When business owners start thinking about retiring or getting their affairs in order, business succession planning should be a top priority, according to local attorney Bart Fleet. During a recent interview with his law firm, Fleet, Smith and Freeman, Fleet offered an in-depth look at business succession planning for owners and the importance of it.
- “Business succession planning is the process of combining estate planning, tax planning and business planning where the clients decide what’s going to happen to their business when they pass away or if they retire,” explained Fleet. “Who’s going to inherit the business? Are we going to sell the business? What are their ultimate goals in dealing with that asset?”
The most common clients interested in succession planning are business owners creating or re-evaluating their estate plans. A primary question is who will inherit and run the business after the owner passes away or steps back from operations.
Fleet said that issues often arise when children are slated to inherit the business but may not want it or have the proper skills and experience to take over operations. Without thorough succession planning, Fleet cautioned, few businesses survive the death of an owner.
- “If they don’t have a plan, there’s rarely someone in place who can take over,” he said.
The fate of the business depends largely on its model and operations. Service businesses that relied solely on the owner’s expertise often have no value after the owner passes away. On the other hand, retail stores and similar businesses with transferrable merchandise and operations can more feasibly transition to interested heirs.
- “If it is something like a retail store that sells merchandise, and if there are beneficiaries who have an interest in the business, then there’s a way in which we could transfer the business to those people and the business would survive,” explained Fleet. “Then we could worry about the economic consequences of that later.”
The key is transitioning operational knowledge before transferring full ownership.As Fleet put it, “If the restaurateur-owner is the only person that knows how to run the restaurant, it’s not going to survive.” Identifying and training a successor, whether a family member, employee or third party, helps secure the business’s future.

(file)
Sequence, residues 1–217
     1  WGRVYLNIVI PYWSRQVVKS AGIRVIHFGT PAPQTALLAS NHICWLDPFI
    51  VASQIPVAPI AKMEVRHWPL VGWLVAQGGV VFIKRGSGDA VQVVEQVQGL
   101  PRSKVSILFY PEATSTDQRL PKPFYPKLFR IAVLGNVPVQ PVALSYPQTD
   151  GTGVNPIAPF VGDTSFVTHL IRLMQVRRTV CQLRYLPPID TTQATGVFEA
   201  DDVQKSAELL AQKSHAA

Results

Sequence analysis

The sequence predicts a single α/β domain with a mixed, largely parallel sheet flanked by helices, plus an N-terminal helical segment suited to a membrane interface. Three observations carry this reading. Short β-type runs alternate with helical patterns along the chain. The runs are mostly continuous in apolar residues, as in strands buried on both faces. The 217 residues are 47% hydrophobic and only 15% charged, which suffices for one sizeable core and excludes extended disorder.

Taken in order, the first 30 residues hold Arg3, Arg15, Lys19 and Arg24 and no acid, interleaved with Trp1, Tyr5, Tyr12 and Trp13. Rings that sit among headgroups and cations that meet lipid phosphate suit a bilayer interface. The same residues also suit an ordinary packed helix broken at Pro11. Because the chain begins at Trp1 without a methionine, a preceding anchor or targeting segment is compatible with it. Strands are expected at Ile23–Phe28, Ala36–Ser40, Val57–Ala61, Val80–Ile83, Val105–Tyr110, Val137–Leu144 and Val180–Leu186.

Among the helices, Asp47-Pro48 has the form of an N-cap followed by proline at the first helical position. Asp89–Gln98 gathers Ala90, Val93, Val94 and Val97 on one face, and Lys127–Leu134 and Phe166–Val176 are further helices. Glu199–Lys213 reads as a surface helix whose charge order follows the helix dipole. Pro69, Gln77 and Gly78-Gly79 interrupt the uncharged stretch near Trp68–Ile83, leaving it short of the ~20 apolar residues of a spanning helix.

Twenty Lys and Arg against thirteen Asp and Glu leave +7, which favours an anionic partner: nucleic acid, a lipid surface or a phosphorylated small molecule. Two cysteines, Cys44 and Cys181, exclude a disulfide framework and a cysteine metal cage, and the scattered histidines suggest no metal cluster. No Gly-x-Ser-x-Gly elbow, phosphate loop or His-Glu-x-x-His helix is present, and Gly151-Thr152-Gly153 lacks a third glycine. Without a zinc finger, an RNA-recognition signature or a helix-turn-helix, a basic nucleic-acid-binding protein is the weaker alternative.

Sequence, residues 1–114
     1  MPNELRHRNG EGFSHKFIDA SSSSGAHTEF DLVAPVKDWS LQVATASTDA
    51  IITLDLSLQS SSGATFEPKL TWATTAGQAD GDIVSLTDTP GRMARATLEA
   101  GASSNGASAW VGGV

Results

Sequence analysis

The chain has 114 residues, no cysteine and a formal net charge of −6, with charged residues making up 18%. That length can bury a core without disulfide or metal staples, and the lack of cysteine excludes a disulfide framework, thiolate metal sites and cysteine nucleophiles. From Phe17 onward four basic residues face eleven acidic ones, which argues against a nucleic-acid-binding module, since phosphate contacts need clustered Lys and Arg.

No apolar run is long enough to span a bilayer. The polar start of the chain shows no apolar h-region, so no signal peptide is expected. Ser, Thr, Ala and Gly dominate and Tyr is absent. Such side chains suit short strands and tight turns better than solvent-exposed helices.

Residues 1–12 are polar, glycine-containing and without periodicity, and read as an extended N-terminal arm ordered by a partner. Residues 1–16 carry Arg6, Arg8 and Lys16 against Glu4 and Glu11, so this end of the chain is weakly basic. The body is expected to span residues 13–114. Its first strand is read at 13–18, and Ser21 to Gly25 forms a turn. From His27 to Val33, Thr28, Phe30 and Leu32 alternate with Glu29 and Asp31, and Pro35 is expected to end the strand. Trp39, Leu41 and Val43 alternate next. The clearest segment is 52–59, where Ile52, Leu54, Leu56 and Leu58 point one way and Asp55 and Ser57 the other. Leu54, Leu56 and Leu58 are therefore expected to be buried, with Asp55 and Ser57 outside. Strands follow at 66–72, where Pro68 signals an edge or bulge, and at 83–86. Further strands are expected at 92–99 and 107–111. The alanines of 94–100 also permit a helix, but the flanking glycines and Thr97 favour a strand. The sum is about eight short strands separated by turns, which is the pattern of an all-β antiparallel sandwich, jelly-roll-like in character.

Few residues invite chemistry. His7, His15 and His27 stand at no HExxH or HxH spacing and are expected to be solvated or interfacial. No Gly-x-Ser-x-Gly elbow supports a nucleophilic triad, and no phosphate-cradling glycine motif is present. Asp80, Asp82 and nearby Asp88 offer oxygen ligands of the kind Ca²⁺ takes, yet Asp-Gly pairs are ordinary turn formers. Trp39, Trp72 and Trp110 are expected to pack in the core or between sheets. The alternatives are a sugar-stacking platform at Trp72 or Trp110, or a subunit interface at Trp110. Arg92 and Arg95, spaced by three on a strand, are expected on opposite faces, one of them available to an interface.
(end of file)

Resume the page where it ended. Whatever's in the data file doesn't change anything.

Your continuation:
Fleet noted that transitioning ownership and leadership is best done over time, both during the owner’s life and after death. There are various methods to gradually transfer ownership interests, responsibilities and knowledge.
Tax implications are another key consideration. “There are some income tax implications that can happen if you don’t do it right. You can generate income tax exposure, tax liability that’s unintended,” Fleet said. Careful succession planning aims to minimize tax burdens on the owner and heirs.
With so many factors at play, Fleet emphasized that every business requires customized strategic planning. He advises that business owners be proactive and start planning well in advance of retirement or exiting the business.
- “If you’re a business owner and you’re contemplating retiring or getting out of the business one way or another, or you’re contemplating preparing an estate plan, give our office a call and let us help you come up with a plan that maximizes the economic benefit to you and your beneficiaries, and minimizes the tax implications,” he concluded.
For local business owners interested in learning more about business succession planning, contact the law offices of Fleet, Smith and Freeman.